Indeed sir, it's almost worth unblocking him to see phase two of the strategy. Almost.

Please, DO NOT unblock me.

As an aside, it was not I who suggested ‘phase one’, perhaps you can pull your self-righteous head out of your overly polite ass. Just a thought....

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(edited)

I know it wasn't sir. Maybe if you had read the thread properly in the first place and removed your head from your ass you would know that. Take another look at what we were discussing sir perhaps? Not everything is about you as difficult as that may be to believe. 

Your use of language rather explains the notion that someone can be 'overly polite' also sir. If you like I will come down to your level?

 

Edited by Papillon

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Also sir, if you were under the impression that I had blocked you, then how could you possibly think the phase one part was referring to you?

Again, the head in ass problem needs solving clearly?

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An overly polite ass, is just that,

I thought you had blocked me, please do,

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If you look at the chronology of the messages, it appears as if you are replying to what I had responded to Rob.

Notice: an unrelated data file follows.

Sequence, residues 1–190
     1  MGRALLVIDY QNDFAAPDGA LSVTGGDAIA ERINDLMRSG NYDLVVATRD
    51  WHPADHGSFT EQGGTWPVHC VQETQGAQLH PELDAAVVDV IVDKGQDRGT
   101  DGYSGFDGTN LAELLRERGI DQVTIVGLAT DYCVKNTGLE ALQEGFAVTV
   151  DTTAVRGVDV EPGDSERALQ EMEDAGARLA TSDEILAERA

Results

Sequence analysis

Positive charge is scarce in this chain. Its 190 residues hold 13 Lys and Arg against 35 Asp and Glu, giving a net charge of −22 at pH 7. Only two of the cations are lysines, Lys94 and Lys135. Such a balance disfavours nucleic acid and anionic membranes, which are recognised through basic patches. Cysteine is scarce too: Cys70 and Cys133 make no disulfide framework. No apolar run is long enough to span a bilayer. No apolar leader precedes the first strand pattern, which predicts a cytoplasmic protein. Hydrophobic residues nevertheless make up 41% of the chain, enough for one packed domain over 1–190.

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In any event, I would appreciate it if you did block me.

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52 minutes ago, Douglas Buckland said:

Keep in mind that I never suggested or agreed with dropping arms to the citizens, you’ll have to take that up with those who did.

You said this sir and I gave it a green arrow, suggesting I appreciated the fact between yourself and Mr Plant that this was not for you to answer.

Why don't you block me sir instead? You can join Mr van Eck in that regard then and hear his military musings. 

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And a surprisingly thoughtful opinion piece from the New York Times:

Trump Has Made Us All Stupid

Donald Trump is impulse-driven, ignorant, narcissistic and intellectually dishonest. So you’d think that those of us in the anti-Trump camp would go out of our way to show we’re not like him — that we are judicious, informed, mature and reasonable.

But the events of the past week have shown that the anti-Trump echo chamber is becoming a mirror image of Trump himself — overwrought, uncalibrated and incapable of having an intelligent conversation about any complex policy problem.

For example, there’s a complex policy problem at the heart of this week’s Iran episode. Iran is not powerful because it has a strong economy or military. It is powerful because it sponsors militias across the Middle East, destabilizing regimes and spreading genocide and sectarian cleansing. Over the past few years those militias, orchestrated by Qassim Suleimani, have felt free to operate more in the open with greater destructive effect.